A Toll-receptor map underlies structural brain plasticity

  1. Guiyi Li
  2. Manuel G Forero
  3. Jill S Wentzell
  4. Ilgim Durmus
  5. Reinhard Wolf
  6. Niki C Anthoney
  7. Mieczyslaw Parker
  8. Ruiying Jiang
  9. Jacob Hasenauer
  10. Nicholas James Strausfeld
  11. Martin Heisenberg
  12. Alicia Hidalgo  Is a corresponding author
  1. University of Birmingham, United Kingdom
  2. Universidad de Ibagué, Colombia
  3. University of Würzburg, Germany
  4. University of Arizona, United States

Abstract

Experience alters brain structure, but the underlying mechanism remained unknown. Structural plasticity reveals that brain function is encoded in generative changes to cells that compete with destructive processes driving neurodegeneration. At an adult critical period, experience increases fiber number and brain size in Drosophila. Here, we asked if Toll receptors are involved. Tolls demarcate a map of brain anatomical domains. Focusing on Toll-2, loss of function caused apoptosis, neurite atrophy and impaired behaviour. Toll-2 gain of function and neuronal activity at the critical period increased cell number. Toll-2 induced cycling of adult progenitor cells via a novel pathway, that antagonized MyD88-dependent quiescence, and engaged Weckle and Yorkie downstream. Constant knock-down of multiple Tolls synergistically reduced brain size. Conditional over-expression of Toll-2 and wek at the adult critical period increased brain size. Through their topographic distribution, Toll receptors regulate neuronal number and brain size, modulating structural plasticity in the adult brain.

Data availability

All data generated or analysed during this study are included in the manuscript and supporting files.

Article and author information

Author details

  1. Guiyi Li

    School of Biosciences, University of Birmingham, Birmingham, United Kingdom
    Competing interests
    The authors declare that no competing interests exist.
  2. Manuel G Forero

    Facultad de Ingeniería, Universidad de Ibagué, Ibagué, Colombia
    Competing interests
    The authors declare that no competing interests exist.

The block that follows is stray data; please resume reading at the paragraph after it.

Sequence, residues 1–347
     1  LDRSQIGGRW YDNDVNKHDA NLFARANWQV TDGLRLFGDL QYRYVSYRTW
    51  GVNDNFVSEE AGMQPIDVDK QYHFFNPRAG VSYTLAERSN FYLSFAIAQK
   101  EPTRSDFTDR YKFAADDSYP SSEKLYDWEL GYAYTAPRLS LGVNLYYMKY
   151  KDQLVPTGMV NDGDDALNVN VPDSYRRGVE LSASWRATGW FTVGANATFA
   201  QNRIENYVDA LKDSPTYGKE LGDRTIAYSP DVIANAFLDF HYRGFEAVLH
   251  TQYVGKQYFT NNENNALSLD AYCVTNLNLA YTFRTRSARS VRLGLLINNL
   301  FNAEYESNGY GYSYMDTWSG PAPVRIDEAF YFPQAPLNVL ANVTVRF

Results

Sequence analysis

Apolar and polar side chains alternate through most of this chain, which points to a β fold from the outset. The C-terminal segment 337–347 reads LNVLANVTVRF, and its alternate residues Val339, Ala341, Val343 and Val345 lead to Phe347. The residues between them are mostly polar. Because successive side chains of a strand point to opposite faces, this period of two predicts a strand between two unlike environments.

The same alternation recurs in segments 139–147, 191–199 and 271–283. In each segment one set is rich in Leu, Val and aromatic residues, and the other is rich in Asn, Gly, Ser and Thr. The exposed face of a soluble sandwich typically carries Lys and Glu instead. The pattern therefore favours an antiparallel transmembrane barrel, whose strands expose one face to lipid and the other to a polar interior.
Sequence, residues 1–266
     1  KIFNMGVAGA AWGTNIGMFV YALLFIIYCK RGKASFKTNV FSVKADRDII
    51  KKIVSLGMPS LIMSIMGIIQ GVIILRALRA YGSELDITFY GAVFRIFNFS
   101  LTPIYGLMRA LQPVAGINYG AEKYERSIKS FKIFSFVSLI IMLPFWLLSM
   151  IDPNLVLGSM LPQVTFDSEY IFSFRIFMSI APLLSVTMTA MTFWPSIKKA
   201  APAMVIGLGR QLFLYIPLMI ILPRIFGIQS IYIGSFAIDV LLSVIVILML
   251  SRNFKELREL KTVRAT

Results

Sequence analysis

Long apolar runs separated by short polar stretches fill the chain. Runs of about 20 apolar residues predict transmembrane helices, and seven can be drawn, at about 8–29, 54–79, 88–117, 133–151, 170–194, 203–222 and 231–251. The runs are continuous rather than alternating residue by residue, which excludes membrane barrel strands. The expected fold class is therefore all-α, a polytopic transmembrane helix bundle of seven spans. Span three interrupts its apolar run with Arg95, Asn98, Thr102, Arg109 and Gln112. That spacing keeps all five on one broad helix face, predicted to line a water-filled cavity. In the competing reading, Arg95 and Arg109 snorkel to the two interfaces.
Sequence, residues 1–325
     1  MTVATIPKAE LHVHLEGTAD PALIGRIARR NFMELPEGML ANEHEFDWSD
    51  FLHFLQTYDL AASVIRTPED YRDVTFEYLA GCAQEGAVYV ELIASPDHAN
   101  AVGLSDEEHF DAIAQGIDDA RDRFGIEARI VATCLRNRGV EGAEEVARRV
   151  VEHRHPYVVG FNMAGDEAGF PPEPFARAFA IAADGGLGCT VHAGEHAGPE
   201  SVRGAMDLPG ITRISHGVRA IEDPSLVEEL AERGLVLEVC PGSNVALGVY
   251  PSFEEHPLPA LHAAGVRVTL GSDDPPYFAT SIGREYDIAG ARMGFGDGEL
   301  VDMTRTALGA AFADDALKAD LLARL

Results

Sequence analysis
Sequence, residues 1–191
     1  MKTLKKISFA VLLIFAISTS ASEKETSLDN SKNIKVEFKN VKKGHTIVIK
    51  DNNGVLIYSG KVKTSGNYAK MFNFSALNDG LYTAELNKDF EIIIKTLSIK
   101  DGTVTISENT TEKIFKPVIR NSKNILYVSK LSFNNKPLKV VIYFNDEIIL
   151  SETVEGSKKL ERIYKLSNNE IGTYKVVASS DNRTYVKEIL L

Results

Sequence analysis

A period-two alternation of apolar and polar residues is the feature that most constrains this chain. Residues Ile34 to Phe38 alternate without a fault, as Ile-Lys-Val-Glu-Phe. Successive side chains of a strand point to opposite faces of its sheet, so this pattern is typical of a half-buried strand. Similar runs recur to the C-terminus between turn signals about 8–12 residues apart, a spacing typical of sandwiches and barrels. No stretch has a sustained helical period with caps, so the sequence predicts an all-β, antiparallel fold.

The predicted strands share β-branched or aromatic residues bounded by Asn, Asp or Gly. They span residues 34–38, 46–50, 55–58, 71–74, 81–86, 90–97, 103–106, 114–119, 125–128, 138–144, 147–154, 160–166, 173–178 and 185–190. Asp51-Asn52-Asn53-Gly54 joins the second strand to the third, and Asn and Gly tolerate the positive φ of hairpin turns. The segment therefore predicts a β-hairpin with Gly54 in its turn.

3. Jill S Wentzell

    School of Biosciences, University of Birmingham, Birmingham, United Kingdom
    Competing interests
    The authors declare that no competing interests exist.
  4. Ilgim Durmus

    School of Biosciences, University of Birmingham, Birmingham, United Kingdom
    Competing interests
    The authors declare that no competing interests exist.
  5. Reinhard Wolf

    Rudolf-Virchow-Center for Experimental Biomedicine, University of Würzburg, Würzburg, Germany
    Competing interests
    The authors declare that no competing interests exist.
  6. Niki C Anthoney

    Institute of Cancer and Genomic Sciences, University of Birmingham, Birmingham, United Kingdom
    Competing interests
    The authors declare that no competing interests exist.
    ORCID icon "This ORCID iD identifies the author of this article:" 0000-0003-3311-6328
  7. Mieczyslaw Parker

    School of Biosciences, University of Birmingham, Birmingham, United Kingdom
    Competing interests
    The authors declare that no competing interests exist.
  8. Ruiying Jiang

    School of Biosciences, University of Birmingham, Birmingham, United Kingdom
    Competing interests
    The authors declare that no competing interests exist.
  9. Jacob Hasenauer

    School of Biosciences, University of Birmingham, Birmingham, United Kingdom
    Competing interests
    The authors declare that no competing interests exist.
  10. Nicholas James Strausfeld

    Department of Neuroscience, University of Arizona, Tucson, United States
    Competing interests
    The authors declare that no competing interests exist.
    ORCID icon "This ORCID iD identifies the author of this article:" 0000-0002-1115-1774
  11. Martin Heisenberg

    Rudolf-Virchow-Center for Experimental Biomedicine, University of Würzburg, Würzburg, Germany
    Competing interests
    The authors declare that no competing interests exist.
    ORCID icon "This ORCID iD identifies the author of this article:" 0000-0002-4462-8655
  12. Alicia Hidalgo

    School of Biosciences, University of Birmingham, Birmingham, United Kingdom
    For correspondence
    a.hidalgo@bham.ac.uk
    Competing interests
    The authors declare that no competing interests exist.
    ORCID icon "This ORCID iD identifies the author of this article:" 0000-0001-8041-5764

Funding

Biotechnology and Biological Sciences Research Council (BB/P004997/1)

  • Alicia Hidalgo

Biotechnology and Biological Sciences Research Council (BB/R017034/1)

  • Alicia Hidalgo

EU Marie Curie-Sklodowska Fellowship (NPN)

  • Jill S Wentzell

The funders had no role in study design, data collection and interpretation, or the decision to submit the work for publication.

Reviewing Editor

  1. Hugo J Bellen, Baylor College of Medicine, United States

Version history

  1. Received: October 14, 2019
  2. Accepted: February 12, 2020
  3. Accepted Manuscript published: February 18, 2020 (version 1)
  4. Version of Record published: March 17, 2020 (version 2)

Copyright

© 2020, Li et al.

This article is distributed under the terms of the Creative Commons Attribution License permitting unrestricted use and redistribution provided that the original author and source are credited.

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  1. Guiyi Li
  2. Manuel G Forero
  3. Jill S Wentzell
  4. Ilgim Durmus
  5. Reinhard Wolf
  6. Niki C Anthoney
  7. Mieczyslaw Parker
  8. Ruiying Jiang
  9. Jacob Hasenauer
  10. Nicholas James Strausfeld
  11. Martin Heisenberg
  12. Alicia Hidalgo
(2020)
A Toll-receptor map underlies structural brain plasticity
eLife 9:e52743.
https://doi.org/10.7554/eLife.52743

Share this article

https://doi.org/10.7554/eLife.52743

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